In the monsoon season of 1968-69 at a fire support base called Matterhorn, located in the remote mountains of Vietnam, a young and ambitious Marine lieutenant wants to command a company to further his civilian political ambitions. Two people stand in his way. The first is a well-loved combat-weary lieutenant his own age who desperately wants out of the bush but who does not want to leave his Marines with an inexperienced and overly ambitious officer. The second is an angry leader of the company’s radical blacks, who has all the political skill, savvy, and ambition of the protagonist.
As the young lieutenant experiences the costs of combat, he sees the terrible results of his actions and begins to question the value of ambition and skill over compassion and heart.
©2010 Karl Marlantes (P)2010 Blackstone Audio, Inc.
“Matterhorn is one of the most powerful and moving novels about combat, the Vietnam War, and war in general that I have ever read.” (Dan Rather)
“Brings a long, torturous war back to life with realistic characters and authentic, thrilling combat sequences.” (Publishers Weekly)
“Unforgettable.… A beautifully crafted novel of unrivaled authenticity and power, filled with jungle heroism, crackerjack inventiveness, mud, blood, brotherhood, hatred, healing, terror, bureaucracy, politics, unfathomable waste, and unfathomable love." (Christina Robb, Pulitzer Prize-winning journalist)
I am not a fan of war books. This one drew me in and I couldn't stop listening. For the first time, I truly feel like I have a good understanding of what soldiers had to endure during Vietnam. I listen in the evenings and found that I thought about the book during the day and could hardly wait for evening to come and I could listen to more.
Amazing description of a sad time in our country's history. Proud men doing their best under extreme conditions, written with a harden edge that leads to page turning excitement. Well worth your and effort. I will remember this book for a long time.
Excellent book! Highly recommended. What was expected of a young officer(s) in Vietnam are hard to be believed. It rivals the scenario played out in catch 22.
I'm just an airwinger with no combat time. I go to the birthday parties and feel out of place. This book reminded me that if you earn the title, you're a Marine. I thought it was outstandingly well written and covered all aspects of conflict.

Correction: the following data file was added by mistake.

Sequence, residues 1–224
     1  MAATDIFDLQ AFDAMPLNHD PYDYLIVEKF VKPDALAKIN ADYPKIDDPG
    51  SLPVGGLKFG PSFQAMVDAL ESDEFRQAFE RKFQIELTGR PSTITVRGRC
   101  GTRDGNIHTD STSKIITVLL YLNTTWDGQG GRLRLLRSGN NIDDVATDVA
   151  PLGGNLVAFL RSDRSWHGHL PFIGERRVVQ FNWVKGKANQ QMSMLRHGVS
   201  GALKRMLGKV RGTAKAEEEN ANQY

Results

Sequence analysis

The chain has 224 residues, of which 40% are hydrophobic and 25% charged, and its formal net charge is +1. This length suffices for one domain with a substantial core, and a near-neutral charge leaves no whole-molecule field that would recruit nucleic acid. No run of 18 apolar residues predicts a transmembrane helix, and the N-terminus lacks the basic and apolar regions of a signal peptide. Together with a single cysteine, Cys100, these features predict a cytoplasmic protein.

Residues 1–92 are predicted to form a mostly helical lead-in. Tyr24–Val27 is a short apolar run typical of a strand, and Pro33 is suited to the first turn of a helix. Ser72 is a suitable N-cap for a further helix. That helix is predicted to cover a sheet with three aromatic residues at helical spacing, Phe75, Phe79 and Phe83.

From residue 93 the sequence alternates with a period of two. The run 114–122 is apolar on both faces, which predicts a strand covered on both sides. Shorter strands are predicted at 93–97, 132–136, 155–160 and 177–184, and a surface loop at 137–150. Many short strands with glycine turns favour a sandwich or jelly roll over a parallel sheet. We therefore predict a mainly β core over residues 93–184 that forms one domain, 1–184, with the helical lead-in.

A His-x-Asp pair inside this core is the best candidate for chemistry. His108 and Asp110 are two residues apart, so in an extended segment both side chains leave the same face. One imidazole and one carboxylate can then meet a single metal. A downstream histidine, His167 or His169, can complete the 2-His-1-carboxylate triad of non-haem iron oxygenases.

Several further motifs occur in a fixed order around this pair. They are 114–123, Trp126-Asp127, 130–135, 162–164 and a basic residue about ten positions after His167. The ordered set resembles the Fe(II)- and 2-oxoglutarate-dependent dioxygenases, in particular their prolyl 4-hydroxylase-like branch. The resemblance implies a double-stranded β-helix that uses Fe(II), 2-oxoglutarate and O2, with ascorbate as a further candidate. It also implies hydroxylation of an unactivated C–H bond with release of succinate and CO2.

I listened to this book on a 25 hour roadtrip. I felt like I was there again -- Lt Melis, Hawk, "Short Round" all the players. One of the best books - by far - that I've "read" in years.
I loved this book. I walk in the mountains while I listen to audio books and I have to admit that there were times I felt I was in this book. The narrator was great but unobtrusive.
As a child of these times I can say that I found this to be perhaps the most powerful story to come out of the Vietnam War. I found the story so compelling that I bought the hardcover version of the book as well.
No matter if you "went there, did that," rode a draft exemption, or if it all happened before your parents were born.
Karl Marlantes makes the characters live and breath.
Almost impossibly for most of us who played but one role, he lets us "walk a mile" in the shoes of folks at platoon, company, battalion and regiment, especially when they'd execrate each other foully and at length. His helo pilot and grunt stories do justice to both, if that's possible.
The landscape - mountains and mist and rain, leeches and tigers and jungle rot - is remarkably vivid. While the PAVN soldiers and even officers are only seen from outside, I think Bao Ninh ("Sorrow of War," maybe the best PAVN side novel of the war) would recognize and perhaps even nod at the word portraits.
Do you remember cooking C rations over plastic explosive, or just cooking excrable powdered coffee in empty green cans?
Did you ever lie in the dark with a flashlight to mark an L-Z - yes or no, marking a tiny landing zone with heat tabs inside helmets will resonate. And yes, kevlar coal scuttle folks, In The Old Days a steel pot was steel, so you could boil water in it.
The race war within the Vietnam War is probably outside our imagination, here and now, and even a white liberal who joined SNCC when they still allowed whites may have trouble writing foxhole dialog in this area.
Yeppers, there's a real fragging and a phoney one, but I think the handling and the plot will surprise you - they work as character and plot.
I often have trouble with war books because I find it difficult to follow the action that usually takes place on a grand scale. This one follows a single company over a relatively short time period and it is the characters and not the battle strategies that take the center.
It is often a difficult listen because the trials of merely surviving in that jungle and political environment were so difficult for the players. What made it an easy listen was an outstanding reading.
As long as you are not squeemish, it is a book not to be missed.
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